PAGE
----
Economic Benefit of Statin-Triglyceride Combination Therapy in Diabetes
Treating patients with diabetes with statin-triglyceride combination therapy had a mean 1-year total cost reduction of $1100.
HealthDay News – For patients with type 2 diabetes, there is a substantial economic benefit to treatment with statin-triglyceride (TG)-specific combination lipid therapy compared with monotherapy or no lipid pharmacotherapy, according to a study published in The American Journal of Cardiology.
Gregory A. Nichols, PhD, from the Kaiser Permanente Center for Health Research in Portland, Oregon, and colleagues examined the economic impact of TG-lowering therapies in an observational cohort study involving 184,932 patients with diabetes who had 2 TG measurements 3 to 15 months apart. Four therapy groups were identified: statin monotherapy (77.6%), TG-specific monotherapy (0.5%), statin/TG-specific combination therapy (1.1%), or no therapy (20.8%). These groups were stratified by percent change in TG.
The researchers found that statin/TG-specific agent recipients had a mean 1-year total cost reduction of $1110, after adjustment for covariates. Statin/TG-specific combination therapy patients who reduced TG levels by ≥30% had the greatest cost reduction (−$2859). A large reduction in adjusted costs was also seen for statin monotherapy patients who reduced TG by ≥30% (−$1079).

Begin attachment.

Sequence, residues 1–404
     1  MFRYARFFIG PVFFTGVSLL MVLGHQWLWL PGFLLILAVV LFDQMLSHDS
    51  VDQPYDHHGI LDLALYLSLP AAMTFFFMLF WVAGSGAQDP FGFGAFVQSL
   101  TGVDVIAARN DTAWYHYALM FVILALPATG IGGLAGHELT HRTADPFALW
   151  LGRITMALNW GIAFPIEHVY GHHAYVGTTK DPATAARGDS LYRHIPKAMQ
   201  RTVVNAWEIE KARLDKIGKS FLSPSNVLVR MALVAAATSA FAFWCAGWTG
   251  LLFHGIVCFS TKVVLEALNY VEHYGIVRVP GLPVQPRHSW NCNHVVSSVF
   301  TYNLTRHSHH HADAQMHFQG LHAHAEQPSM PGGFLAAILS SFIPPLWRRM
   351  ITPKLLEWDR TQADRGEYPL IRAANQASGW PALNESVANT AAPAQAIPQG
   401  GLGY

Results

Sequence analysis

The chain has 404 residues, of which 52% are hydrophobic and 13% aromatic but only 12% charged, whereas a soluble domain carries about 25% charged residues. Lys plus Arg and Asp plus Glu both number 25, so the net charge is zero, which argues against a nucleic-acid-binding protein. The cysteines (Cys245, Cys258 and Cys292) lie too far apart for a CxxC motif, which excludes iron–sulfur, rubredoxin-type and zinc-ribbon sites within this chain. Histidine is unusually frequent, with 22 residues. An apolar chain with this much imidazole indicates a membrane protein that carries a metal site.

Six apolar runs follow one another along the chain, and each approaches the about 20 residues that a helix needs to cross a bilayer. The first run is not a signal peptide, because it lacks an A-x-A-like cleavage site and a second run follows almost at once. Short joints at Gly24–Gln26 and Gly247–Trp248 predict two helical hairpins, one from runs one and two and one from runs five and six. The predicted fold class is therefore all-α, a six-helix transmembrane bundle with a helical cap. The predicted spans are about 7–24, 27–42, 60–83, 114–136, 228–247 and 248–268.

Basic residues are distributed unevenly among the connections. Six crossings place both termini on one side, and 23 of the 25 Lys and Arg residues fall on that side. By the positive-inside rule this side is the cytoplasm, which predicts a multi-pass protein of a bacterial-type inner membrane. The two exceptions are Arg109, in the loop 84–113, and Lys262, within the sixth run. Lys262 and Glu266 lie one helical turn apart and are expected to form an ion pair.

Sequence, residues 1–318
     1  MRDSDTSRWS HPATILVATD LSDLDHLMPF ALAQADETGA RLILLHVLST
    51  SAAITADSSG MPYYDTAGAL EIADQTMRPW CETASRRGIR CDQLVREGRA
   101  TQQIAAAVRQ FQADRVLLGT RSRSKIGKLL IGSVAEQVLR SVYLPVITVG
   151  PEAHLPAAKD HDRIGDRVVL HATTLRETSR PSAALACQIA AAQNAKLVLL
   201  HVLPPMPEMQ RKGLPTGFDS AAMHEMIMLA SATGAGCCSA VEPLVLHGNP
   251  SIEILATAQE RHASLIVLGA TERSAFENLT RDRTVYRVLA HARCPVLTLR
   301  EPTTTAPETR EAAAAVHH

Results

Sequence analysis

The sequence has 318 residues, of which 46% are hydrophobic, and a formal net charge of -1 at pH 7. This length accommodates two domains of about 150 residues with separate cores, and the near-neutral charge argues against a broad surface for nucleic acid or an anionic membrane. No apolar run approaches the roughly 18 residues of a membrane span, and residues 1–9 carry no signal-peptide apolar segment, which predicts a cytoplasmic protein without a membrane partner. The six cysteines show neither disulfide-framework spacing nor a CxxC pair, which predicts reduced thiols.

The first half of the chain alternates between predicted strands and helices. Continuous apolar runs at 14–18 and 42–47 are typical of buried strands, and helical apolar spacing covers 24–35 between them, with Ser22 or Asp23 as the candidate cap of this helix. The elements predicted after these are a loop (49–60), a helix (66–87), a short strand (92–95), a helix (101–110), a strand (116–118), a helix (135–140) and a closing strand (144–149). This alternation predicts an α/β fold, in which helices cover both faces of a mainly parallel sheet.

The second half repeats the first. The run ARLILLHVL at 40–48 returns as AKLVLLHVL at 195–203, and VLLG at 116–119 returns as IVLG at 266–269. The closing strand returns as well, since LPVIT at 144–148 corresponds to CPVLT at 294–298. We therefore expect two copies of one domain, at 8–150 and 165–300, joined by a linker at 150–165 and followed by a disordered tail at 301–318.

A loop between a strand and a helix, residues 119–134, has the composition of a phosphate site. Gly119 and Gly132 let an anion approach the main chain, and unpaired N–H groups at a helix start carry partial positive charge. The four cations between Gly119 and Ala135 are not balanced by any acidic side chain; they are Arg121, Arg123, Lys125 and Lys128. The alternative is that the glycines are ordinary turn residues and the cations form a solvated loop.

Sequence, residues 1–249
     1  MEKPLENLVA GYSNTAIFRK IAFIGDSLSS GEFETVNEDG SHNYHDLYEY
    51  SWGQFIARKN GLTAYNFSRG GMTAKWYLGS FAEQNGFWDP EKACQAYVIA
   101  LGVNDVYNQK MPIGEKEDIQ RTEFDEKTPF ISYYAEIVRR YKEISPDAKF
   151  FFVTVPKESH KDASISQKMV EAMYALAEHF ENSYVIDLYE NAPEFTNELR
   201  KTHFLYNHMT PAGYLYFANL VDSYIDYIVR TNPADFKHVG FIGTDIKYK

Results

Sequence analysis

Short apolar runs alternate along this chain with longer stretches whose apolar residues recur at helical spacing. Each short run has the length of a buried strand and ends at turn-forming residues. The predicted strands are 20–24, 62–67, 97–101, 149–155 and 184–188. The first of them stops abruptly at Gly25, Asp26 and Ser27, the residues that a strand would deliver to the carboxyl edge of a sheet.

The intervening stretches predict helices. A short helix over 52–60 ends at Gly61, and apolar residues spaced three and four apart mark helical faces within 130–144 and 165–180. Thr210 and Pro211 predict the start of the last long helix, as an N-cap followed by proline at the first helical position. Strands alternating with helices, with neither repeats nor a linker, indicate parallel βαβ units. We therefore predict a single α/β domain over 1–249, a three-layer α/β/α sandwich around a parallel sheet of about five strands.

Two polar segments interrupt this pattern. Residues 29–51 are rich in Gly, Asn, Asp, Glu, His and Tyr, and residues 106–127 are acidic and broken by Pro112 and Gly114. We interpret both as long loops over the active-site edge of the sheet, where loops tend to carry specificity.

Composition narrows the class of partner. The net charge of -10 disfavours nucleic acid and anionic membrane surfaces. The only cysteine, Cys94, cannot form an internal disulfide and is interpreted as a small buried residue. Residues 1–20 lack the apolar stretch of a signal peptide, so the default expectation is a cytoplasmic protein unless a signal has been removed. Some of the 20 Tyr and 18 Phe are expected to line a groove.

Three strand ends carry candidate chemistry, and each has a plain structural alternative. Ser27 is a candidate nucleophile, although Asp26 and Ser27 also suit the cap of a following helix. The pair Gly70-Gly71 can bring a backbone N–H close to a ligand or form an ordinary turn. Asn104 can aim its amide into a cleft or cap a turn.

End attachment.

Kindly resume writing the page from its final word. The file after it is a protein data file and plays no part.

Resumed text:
"In conclusion, we found a substantial economic benefit to treating diabetic patients with statin/TG-specific combination lipid therapy compared with monotherapy of either type or no lipid pharmacotherapy," the authors wrote. "A TG reduction of ≥30% produced a particularly large reduction in 1-year medical costs."
Disclosures: The study was funded by an agreement between Kaiser Permanente Center for Health Research and AstraZeneca. Several authors disclosed financial ties to AstraZeneca, and one disclosed ties to other pharmaceutical companies.
Nichols GA, Reynolds K, Olufade T, et al. Effect of combination cholesterol-lowering therapy and triglyceride-lowering therapy on medical costs in patients with type 2 diabetes mellitus. Am J Cardiol. 2017;119(3):410-415. doi:10.1016/j.amjcard.2016.10.029